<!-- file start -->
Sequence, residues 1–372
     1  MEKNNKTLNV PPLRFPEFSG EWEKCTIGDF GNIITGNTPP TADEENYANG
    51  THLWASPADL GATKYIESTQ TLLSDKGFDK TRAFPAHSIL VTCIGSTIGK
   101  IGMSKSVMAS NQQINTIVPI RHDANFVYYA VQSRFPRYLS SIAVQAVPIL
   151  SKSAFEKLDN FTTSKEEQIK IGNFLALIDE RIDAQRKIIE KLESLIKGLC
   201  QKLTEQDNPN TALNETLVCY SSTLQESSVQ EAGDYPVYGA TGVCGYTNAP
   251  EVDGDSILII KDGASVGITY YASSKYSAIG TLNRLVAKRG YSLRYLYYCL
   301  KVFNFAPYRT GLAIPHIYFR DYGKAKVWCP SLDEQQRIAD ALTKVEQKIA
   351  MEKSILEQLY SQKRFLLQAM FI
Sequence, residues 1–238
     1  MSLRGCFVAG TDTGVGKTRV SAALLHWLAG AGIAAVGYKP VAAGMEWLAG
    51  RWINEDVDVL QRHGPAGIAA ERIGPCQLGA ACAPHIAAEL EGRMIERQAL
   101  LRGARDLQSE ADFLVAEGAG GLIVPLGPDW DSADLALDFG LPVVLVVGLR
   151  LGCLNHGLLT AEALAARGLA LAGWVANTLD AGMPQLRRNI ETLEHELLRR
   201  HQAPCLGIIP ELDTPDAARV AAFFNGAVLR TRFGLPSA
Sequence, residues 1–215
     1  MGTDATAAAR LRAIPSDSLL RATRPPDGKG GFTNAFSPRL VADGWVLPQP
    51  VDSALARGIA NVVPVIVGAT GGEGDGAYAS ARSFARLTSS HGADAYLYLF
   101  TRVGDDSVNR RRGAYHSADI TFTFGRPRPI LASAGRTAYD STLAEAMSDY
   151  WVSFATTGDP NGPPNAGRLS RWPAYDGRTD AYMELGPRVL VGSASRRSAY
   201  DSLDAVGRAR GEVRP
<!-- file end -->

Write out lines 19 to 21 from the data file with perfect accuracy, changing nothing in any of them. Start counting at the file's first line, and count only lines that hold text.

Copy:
   101  TRVGDDSVNR RRGAYHSADI TFTFGRPRPI LASAGRTAYD STLAEAMSDY
   151  WVSFATTGDP NGPPNAGRLS RWPAYDGRTD AYMELGPRVL VGSASRRSAY
   201  DSLDAVGRAR GEVRP